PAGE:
Meet the Yorkshireman who walked away from Leeds Rhinos to become a Royal Marines Commando

Gareth Timmins was not only among the 0.1 per cent who make it through Royal Marines Commando training – he’s now the first to publish a diary about the experience. Chris Burn reports.

Gareth Timmins with his Green Beret and the diary he kept while completing Royal Marines Commando training. Picture: Jonathan Gawthorpe.

When 20-year-old Gareth Timmins set off from Yorkshire to Devon to begin the notoriously-difficult training course to become a Royal Marines Commando, his mum gave him the unexpected present of a new diary.

Seventeen years on, the daily observations he jotted down as he and his fellow recruits were pushed to their physical and mental limits has formed the basis of a unique new book.

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“When I was on the platform at Wakefield Westgate, my mum gave me a diary and said, ‘Just write things down, anything, it’ll help you cope’,” the now 37-year-old Timmins recalls over Zoom ahead of last week's publication of his book Becoming the 0.1%.

Gareth Timmins was a promising rugby league player before opting for a career in the military.

“It was quite possibly the most bizarre gift she could have given me. At that time, I wasn’t remotely academic nor did I write anything or read anything. I took it, somewhat confused, and got on the train. I was just feeling really nervous and it is five or six hours on your own to get down there. It is kind of like you are on a rollercoaster you can’t get off. I just opened the diary and just wrote that down, how I was feeling.

"From that moment on I just felt absolutely compelled to keep it. Sometimes when we’d had no sleep whatsoever for four or five days on the bounce, writing something was incredibly difficult but I just felt like a burning sensation that it was something I had to do. I couldn’t sleep unless I had done it.”

The book’s title is a reference to a famous advertising campaign for the Marines which stated ‘99.9% Need Not Apply’ in reference to the statistic that only one in 1,000 applicants to join them would complete training and receive a coveted Green Beret.

It not only features extracts from the diary, but also Timmins’ reflections almost two decades on as well as 34 lessons in how to develop an elite mindset – one for each of the weeks he was on the course.

Gareth Timmins has written a new book based on his experiences of training to become a Royal Marine. Picture: Jonathan Gawthorpe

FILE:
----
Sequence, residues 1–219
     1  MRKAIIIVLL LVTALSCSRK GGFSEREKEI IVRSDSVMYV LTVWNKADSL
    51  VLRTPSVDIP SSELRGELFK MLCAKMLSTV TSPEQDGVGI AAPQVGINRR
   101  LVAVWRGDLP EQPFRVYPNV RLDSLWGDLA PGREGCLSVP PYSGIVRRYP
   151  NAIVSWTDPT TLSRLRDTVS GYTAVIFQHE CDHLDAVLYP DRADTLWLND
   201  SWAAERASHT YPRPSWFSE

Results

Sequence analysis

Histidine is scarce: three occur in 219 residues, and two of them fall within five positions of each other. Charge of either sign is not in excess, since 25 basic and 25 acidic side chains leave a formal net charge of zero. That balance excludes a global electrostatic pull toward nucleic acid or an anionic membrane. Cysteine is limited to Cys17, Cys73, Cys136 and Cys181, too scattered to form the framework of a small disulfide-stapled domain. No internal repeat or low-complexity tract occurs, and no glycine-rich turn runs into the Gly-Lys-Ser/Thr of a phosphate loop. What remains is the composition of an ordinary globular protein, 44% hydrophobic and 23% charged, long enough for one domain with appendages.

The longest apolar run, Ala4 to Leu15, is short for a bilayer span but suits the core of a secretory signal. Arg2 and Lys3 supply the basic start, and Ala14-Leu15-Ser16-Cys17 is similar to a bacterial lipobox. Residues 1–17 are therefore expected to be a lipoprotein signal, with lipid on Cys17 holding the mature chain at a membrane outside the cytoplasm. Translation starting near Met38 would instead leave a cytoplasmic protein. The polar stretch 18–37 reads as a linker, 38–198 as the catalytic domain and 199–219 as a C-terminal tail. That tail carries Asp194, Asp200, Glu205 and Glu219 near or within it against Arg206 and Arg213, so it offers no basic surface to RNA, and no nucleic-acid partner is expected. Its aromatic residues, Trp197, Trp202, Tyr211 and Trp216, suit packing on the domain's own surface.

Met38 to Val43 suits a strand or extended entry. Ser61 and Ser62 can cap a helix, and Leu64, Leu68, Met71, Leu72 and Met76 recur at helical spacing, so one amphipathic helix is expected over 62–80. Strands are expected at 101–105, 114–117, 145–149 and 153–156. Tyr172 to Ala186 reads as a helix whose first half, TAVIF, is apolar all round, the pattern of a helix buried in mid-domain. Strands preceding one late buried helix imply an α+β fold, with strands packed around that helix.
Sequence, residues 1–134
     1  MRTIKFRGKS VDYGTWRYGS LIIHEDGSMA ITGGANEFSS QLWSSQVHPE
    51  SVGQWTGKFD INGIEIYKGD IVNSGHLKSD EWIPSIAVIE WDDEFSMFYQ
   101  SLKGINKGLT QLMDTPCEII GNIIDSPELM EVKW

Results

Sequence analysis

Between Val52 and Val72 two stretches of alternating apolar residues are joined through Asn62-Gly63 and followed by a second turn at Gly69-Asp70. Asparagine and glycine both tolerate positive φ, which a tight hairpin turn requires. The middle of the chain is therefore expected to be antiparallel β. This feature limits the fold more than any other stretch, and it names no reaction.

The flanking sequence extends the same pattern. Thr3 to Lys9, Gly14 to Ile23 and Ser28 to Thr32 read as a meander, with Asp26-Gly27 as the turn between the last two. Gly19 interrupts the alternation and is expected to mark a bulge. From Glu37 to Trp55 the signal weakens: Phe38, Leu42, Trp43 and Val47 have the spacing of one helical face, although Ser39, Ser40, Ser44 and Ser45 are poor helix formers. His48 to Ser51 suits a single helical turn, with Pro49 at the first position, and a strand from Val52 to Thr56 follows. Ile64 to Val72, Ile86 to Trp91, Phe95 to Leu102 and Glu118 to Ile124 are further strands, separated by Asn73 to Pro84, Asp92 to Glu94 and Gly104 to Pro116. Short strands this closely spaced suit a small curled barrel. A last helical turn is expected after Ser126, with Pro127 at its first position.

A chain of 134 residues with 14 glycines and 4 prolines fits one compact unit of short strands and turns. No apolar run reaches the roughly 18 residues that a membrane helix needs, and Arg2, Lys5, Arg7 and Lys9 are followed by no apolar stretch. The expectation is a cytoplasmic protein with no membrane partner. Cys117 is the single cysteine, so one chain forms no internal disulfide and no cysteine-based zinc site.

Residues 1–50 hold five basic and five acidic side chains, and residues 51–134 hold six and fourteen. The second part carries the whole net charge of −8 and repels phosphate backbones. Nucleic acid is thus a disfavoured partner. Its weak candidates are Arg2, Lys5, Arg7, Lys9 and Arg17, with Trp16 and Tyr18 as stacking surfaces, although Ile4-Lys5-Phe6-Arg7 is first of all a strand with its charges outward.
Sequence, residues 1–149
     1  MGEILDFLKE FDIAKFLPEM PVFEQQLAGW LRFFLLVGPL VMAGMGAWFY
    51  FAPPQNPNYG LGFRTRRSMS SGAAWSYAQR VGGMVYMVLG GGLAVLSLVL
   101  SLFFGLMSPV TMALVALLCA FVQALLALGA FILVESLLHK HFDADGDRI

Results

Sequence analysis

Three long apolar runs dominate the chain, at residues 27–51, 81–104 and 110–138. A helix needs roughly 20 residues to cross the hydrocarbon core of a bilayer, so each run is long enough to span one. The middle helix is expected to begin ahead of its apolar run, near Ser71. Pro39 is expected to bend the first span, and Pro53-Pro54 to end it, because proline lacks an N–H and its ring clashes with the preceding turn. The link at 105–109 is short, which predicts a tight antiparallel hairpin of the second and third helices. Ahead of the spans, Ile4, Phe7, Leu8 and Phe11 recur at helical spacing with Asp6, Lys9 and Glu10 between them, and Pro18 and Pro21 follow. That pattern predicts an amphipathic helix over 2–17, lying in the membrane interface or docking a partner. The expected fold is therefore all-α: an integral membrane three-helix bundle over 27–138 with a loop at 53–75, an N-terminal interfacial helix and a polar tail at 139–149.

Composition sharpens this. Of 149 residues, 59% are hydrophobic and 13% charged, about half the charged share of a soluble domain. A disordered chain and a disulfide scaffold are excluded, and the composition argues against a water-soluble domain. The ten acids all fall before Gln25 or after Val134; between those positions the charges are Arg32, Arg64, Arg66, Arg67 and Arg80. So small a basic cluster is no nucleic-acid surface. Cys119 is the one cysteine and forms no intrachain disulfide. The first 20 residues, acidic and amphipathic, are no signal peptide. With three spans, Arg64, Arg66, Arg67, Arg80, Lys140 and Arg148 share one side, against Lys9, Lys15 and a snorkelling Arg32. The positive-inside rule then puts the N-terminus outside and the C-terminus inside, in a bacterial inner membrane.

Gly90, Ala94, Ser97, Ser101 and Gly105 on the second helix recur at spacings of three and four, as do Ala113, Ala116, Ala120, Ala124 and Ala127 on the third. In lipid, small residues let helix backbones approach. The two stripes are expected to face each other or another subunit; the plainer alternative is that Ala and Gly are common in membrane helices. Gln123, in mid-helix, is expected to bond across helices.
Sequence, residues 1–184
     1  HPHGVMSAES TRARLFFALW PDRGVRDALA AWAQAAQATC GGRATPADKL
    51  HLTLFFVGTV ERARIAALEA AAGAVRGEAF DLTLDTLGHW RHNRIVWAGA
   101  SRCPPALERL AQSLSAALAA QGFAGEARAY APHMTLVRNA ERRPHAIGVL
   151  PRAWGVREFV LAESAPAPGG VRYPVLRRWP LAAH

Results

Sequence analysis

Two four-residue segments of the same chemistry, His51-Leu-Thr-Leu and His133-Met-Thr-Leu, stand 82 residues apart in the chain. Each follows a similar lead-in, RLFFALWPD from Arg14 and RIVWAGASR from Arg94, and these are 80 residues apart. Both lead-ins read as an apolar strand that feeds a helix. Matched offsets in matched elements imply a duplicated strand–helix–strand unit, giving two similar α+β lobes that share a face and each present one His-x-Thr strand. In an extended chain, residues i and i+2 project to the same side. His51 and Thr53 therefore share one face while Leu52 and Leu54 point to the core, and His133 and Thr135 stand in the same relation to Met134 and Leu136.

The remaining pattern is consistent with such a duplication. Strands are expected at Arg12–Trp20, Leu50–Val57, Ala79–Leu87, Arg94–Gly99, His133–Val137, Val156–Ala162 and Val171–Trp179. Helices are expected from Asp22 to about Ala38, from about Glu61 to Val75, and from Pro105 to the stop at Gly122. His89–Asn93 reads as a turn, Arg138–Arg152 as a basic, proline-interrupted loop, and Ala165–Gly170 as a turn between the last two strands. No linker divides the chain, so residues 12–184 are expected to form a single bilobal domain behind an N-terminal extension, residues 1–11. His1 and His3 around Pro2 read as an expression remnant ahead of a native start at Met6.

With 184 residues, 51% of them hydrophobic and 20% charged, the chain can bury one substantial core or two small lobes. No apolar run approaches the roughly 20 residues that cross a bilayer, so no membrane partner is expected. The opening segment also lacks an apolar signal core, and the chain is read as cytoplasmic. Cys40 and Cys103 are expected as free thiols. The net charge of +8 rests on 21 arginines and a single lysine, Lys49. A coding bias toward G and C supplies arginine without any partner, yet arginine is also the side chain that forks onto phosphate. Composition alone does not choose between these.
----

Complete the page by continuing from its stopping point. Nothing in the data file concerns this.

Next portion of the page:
Military career began after walking away from rugby league

Timmins’ quest to beat the odds came at a pivotal moment in his life. As a teenager growing up in Hemsworth he had been a talented rugby league player and was offered a contract by Leeds Rhinos but took the tough decision to turn it down due to its poor financial terms. After that disappointment, Timmins fell into drink and drug-taking and was even charged with ABH and affray after being involved in a pub fight.

He was among just 16 of the 60 recruits to make it through the gruelling initial three-day Potential Royal Marines Course. Those who passed made it onto the formal Commando Training Course – normally a 32-week process but which was extended for a fortnight for their group because of an initial lack of enough successful recruits.

Timmins initially kept his diary a secret. “On my 21st birthday, the training team ripped all my cards up and said there were no birthdays in the Marines for recruits. I thought if they found the diary they would rip it to pieces. I was really protective of it and I would sneak it in the field or even write notes on my arms and my hands that I would transcribe to the diary later. They eventually saw it but to my surprise they said it was absolutely amazing and really got behind it.”

Gareth Timmins pictured during his training days.

The book provides a fascinating first-hand account of the rigours of training, including learning the ‘wet and dry’ routine involving changing in darkness from wet clothes into dry clothes before getting in a sleeping bag in order to prevent hypothermia on real operations. Recruits would be woken in the middle of the night for sentry duty and be required to put back on their cold, wet clothes – something Timmins writes was “a process that breaks even the strongest of minds eventually”.

“Come winter, and it becomes a whole new beast altogether: recruits can be seen smashing frozen trousers off trees to get them on – it is one of the most brutal things anyone can experience during training – especially when you can be sat in them for hours until they eventually dry off during the winter months,” he adds.